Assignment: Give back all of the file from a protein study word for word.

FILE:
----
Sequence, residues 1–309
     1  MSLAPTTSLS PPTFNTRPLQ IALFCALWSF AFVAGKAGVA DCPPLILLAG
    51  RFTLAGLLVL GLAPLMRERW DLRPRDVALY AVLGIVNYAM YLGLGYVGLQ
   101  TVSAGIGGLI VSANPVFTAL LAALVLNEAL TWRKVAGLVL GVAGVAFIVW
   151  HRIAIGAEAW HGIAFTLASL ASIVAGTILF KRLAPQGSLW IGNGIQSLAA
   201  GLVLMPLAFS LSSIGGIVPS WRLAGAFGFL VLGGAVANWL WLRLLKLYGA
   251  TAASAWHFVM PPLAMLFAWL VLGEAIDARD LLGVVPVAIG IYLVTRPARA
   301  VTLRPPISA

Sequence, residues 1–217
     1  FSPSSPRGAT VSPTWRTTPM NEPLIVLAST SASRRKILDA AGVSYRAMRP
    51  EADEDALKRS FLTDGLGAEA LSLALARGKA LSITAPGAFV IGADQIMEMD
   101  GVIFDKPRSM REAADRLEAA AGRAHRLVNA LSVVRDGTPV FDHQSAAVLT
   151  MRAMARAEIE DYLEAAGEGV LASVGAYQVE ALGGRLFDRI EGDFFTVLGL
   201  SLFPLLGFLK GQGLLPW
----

Sequence, residues 1–309
     1  MSLAPTTSLS PPTFNTRPLQ IALFCALWSF AFVAGKAGVA DCPPLILLAG
    51  RFTLAGLLVL GLAPLMRERW DLRPRDVALY AVLGIVNYAM YLGLGYVGLQ
   101  TVSAGIGGLI VSANPVFTAL LAALVLNEAL TWRKVAGLVL GVAGVAFIVW
   151  HRIAIGAEAW HGIAFTLASL ASIVAGTILF KRLAPQGSLW IGNGIQSLAA
   201  GLVLMPLAFS LSSIGGIVPS WRLAGAFGFL VLGGAVANWL WLRLLKLYGA
   251  TAASAWHFVM PPLAMLFAWL VLGEAIDARD LLGVVPVAIG IYLVTRPARA
   301  VTLRPPISA

Sequence, residues 1–217
     1  FSPSSPRGAT VSPTWRTTPM NEPLIVLAST SASRRKILDA AGVSYRAMRP
    51  EADEDALKRS FLTDGLGAEA LSLALARGKA LSITAPGAFV IGADQIMEMD
   101  GVIFDKPRSM REAADRLEAA AGRAHRLVNA LSVVRDGTPV FDHQSAAVLT
   151  MRAMARAEIE DYLEAAGEGV LASVGAYQVE ALGGRLFDRI EGDFFTVLGL
   201  SLFPLLGFLK GQGLLPW